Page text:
1st Edition

Translational Medicine The Future of Therapy?

Edited By James Mittra, Christopher-Paul Milne Copyright 2013
    294 Pages 14 B/W Illustrations
    by Jenny Stanford Publishing

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    This book brings together a range of academic, industry and practitioner perspectives on translational medicine (TM) to significantly enhance conceptual and practical understanding of the emergence and progress of the field and its potential impact on basic research, therapeutic development, and institutional infrastructure/resources. In recognition of the various implications TM has for public health policy and commercial innovation, this cutting-edge, interdisciplinary book addresses the major systemic aspects of the field.

    Introduction to Translational Medicine
    James Mittra and Christopher-Paul Milne

    Drivers and Barriers to Translational Medicine
    New Light Through an Old Window? The "Translational Turn" in Biomedical Research — A Historical Perspective
    Alison Kraft
    Translational Medicine: The Industry Perspective
    Christopher-Paul Milne, Christine Kohn
    Drivers and Barriers of Translational Medicine: A Regulatory Perspective
    Partha Roy, Atul Bhattaram, and Shiew Mei Huang
    Developing an Evaluation Model for Translational Medicine Research Programs
    Jim Jackson

    State of the Art in Science and Technology
    Emerging Concepts in Biomarker Discovery: Cancer Immunotherapy and Degenerative Diseases of the Eye as Model Systems
    Robert B. Nussenblatt, and Francesco M. Marincola
    Imaging Biomarkers for Innovative Drug Development: Translation from Bench to Bedside and Back
    Jingsong Wang
    Translational Bioinformatics: Bridging the Biological and Clinical Divide
    Indra Neil Sarkar

    Institutional Dynamics of Translational Medicine
    Exploiting Translational Medicine Through Public–Private Partnerships: A Case Study of Scotland’s Translational Medicine Research Collaboration (TMRC)
    James Mittra
    The Role of the Product Development Partnership as a Translational Mechanism for Delivering Health Solutions in Low-Resource Settings
    Julius Mugwagwa, Rebecca Hanlin, Joanna Chataway, and Lois Muraguri

    Is Translational Medicine the Future of Therapy?
    Christopher-Paul Milne and James Mittra


    James Mittra is a research fellow and lecturer at the ESRC Innogen Centre and Science, Technology and Innovation Studies subject group at the University of Edinburgh. His research and teaching focuses on interdisciplinary approaches to the complex and dynamic ways in which life sciences are affecting the nature and the process of technological and therapeutic innovation within the pharmaceutical and biotechnology sectors. Dr. Mittra has published widely on issues of the strategic management and governance of the life sciences, as well as on mapping new value systems and business models for novel therapies.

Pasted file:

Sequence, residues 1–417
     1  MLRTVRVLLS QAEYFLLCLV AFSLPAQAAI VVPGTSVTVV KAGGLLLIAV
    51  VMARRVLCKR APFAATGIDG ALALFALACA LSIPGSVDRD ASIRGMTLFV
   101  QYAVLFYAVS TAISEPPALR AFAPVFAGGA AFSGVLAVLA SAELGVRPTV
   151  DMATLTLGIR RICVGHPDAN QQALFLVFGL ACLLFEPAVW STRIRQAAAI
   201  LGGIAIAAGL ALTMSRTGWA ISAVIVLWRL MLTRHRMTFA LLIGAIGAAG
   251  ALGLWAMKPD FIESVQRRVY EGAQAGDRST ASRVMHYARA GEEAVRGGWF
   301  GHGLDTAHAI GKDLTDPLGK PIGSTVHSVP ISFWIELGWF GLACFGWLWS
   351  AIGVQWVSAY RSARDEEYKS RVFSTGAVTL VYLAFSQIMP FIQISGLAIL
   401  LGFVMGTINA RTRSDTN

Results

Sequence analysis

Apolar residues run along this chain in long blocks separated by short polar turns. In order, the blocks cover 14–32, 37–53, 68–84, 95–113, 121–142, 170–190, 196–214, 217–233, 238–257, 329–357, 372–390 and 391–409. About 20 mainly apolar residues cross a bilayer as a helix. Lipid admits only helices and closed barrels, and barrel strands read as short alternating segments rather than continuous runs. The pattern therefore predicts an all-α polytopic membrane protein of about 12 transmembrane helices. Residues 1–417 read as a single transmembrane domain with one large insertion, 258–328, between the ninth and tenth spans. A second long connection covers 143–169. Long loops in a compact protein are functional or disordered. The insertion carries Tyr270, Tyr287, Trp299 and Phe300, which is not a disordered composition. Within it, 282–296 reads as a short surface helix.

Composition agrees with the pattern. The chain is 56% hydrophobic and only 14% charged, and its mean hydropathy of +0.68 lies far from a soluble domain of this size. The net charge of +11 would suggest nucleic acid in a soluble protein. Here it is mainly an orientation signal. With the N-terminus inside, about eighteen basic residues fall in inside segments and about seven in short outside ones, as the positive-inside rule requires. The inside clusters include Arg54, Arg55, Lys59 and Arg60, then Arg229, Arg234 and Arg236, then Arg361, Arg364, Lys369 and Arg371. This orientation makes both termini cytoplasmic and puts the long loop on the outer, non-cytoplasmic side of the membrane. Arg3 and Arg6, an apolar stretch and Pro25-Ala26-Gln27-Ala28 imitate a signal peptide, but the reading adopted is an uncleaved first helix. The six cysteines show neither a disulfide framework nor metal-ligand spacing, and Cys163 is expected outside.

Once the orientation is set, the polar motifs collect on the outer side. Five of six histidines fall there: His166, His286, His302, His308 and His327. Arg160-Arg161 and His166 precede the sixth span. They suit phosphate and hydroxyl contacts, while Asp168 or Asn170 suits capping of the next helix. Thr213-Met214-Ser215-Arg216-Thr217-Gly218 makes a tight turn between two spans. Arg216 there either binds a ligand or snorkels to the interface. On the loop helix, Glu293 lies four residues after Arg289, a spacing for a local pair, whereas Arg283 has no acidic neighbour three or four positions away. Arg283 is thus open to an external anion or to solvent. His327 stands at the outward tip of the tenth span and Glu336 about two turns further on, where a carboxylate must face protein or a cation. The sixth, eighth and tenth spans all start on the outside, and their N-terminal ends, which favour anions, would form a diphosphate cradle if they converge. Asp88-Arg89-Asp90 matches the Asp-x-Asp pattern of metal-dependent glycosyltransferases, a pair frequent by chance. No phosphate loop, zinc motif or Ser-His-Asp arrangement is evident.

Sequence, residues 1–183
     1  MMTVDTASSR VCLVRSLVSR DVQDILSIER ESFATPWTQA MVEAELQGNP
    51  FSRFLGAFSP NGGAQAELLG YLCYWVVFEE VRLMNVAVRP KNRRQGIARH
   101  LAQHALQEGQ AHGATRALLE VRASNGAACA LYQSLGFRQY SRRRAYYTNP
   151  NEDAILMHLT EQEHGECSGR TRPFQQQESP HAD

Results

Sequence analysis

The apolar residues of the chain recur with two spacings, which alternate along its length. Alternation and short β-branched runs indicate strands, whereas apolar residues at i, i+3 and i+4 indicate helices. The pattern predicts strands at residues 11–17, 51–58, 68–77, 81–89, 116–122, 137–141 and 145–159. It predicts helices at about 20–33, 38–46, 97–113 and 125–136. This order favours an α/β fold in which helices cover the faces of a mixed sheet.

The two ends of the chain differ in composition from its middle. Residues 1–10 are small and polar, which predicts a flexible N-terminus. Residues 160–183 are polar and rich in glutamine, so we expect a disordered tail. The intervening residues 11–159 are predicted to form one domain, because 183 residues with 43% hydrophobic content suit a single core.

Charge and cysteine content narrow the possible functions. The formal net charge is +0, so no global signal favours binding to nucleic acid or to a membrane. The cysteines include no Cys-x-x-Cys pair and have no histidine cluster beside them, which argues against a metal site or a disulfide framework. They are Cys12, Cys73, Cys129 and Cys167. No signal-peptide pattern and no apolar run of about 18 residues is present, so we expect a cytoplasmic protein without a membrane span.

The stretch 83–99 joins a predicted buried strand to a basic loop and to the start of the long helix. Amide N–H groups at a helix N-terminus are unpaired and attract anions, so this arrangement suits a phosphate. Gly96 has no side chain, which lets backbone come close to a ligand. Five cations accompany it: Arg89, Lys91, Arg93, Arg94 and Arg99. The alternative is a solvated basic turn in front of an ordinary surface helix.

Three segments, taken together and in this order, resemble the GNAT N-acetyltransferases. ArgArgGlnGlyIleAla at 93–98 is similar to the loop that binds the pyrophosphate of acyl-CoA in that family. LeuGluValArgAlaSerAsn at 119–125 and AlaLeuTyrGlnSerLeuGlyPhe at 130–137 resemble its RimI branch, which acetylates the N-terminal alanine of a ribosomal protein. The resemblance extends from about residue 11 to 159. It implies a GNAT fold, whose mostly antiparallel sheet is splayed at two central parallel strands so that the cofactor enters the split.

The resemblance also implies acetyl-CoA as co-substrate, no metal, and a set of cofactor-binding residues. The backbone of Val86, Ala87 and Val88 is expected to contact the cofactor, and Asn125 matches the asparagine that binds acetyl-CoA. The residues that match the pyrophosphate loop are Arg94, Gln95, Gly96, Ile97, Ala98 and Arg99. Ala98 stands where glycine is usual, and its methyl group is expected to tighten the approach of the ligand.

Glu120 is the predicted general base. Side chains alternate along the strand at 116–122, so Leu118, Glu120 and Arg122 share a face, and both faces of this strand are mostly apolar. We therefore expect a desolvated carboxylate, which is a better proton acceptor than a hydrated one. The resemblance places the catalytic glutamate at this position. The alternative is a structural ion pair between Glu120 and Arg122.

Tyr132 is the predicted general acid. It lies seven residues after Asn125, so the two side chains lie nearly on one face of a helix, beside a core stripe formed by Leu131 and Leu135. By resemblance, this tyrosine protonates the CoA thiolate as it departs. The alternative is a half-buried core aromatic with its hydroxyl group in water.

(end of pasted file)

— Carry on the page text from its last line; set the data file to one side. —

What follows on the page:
Christopher-Paul Milne is director of research at the Tufts Center for the Study of Drug Development. His current research interests include academic–industry collaborations; disease, demographic, and market access factors in the emerging markets; incentive programs for pediatric studies, orphan products, and neglected diseases; and tracking the progress of new regulatory and research initiatives such as regulatory science, comparative effectiveness research, translational medicine, and personalized medicine. Dr. Milne is also research assistant professor at Tufts University Medical School, member of the editorial board of the Food & Drug Law Journal, and an honorary fellow at the University of Edinburgh.

    "This is a book that should be read by all those aiming to improve the efficiency and effectiveness of translation of science into clinical practice and health outcomes. Unlike other contributions in the field, it takes a holistic approach to the problem and recognises the dynamic nature of demand for as well as supply of health innovation, identifying strategies to integrate the two. This book has been needed for some time, but, with stagnating productivity and ever-increasing economic pressures, never more so than right now."
    —Prof. Iain Gillespie, The University of Edinburgh, UK